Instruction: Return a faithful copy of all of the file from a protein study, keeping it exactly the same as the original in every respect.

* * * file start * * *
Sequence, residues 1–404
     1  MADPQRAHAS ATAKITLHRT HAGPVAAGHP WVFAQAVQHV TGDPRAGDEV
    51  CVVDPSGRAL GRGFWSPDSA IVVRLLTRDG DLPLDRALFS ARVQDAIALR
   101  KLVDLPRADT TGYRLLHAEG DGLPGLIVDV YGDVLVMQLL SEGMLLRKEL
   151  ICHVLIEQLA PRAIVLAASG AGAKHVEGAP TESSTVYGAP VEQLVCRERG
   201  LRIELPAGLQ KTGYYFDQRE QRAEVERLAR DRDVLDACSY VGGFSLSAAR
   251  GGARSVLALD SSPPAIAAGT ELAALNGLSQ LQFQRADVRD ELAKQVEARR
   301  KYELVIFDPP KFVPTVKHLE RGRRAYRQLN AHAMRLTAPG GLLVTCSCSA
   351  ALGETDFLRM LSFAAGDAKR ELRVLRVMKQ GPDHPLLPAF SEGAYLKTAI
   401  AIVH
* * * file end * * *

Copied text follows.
Sequence, residues 1–404
     1  MADPQRAHAS ATAKITLHRT HAGPVAAGHP WVFAQAVQHV TGDPRAGDEV
    51  CVVDPSGRAL GRGFWSPDSA IVVRLLTRDG DLPLDRALFS ARVQDAIALR
   101  KLVDLPRADT TGYRLLHAEG DGLPGLIVDV YGDVLVMQLL SEGMLLRKEL
   151  ICHVLIEQLA PRAIVLAASG AGAKHVEGAP TESSTVYGAP VEQLVCRERG
   201  LRIELPAGLQ KTGYYFDQRE QRAEVERLAR DRDVLDACSY VGGFSLSAAR
   251  GGARSVLALD SSPPAIAAGT ELAALNGLSQ LQFQRADVRD ELAKQVEARR
   301  KYELVIFDPP KFVPTVKHLE RGRRAYRQLN AHAMRLTAPG GLLVTCSCSA
   351  ALGETDFLRM LSFAAGDAKR ELRVLRVMKQ GPDHPLLPAF SEGAYLKTAI
   401  AIVH